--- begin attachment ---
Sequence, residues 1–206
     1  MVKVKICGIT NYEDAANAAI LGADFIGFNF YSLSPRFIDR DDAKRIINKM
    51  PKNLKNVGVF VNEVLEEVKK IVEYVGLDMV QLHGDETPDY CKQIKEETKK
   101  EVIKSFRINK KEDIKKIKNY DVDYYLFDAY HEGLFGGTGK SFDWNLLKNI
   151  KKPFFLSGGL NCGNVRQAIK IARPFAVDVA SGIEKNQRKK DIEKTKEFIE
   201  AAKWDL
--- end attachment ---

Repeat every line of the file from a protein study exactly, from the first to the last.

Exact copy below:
Sequence, residues 1–206
     1  MVKVKICGIT NYEDAANAAI LGADFIGFNF YSLSPRFIDR DDAKRIINKM
    51  PKNLKNVGVF VNEVLEEVKK IVEYVGLDMV QLHGDETPDY CKQIKEETKK
   101  EVIKSFRINK KEDIKKIKNY DVDYYLFDAY HEGLFGGTGK SFDWNLLKNI
   151  KKPFFLSGGL NCGNVRQAIK IARPFAVDVA SGIEKNQRKK DIEKTKEFIE
   201  AAKWDL